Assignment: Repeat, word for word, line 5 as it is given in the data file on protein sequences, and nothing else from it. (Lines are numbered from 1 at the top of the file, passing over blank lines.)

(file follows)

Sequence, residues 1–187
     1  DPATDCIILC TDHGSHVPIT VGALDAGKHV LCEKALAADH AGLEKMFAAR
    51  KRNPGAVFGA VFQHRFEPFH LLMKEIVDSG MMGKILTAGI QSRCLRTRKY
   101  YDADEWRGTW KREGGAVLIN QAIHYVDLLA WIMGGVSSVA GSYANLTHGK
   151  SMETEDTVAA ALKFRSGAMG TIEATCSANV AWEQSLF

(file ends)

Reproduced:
   151  SMETEDTVAA ALKFRSGAMG TIEATCSANV AWEQSLF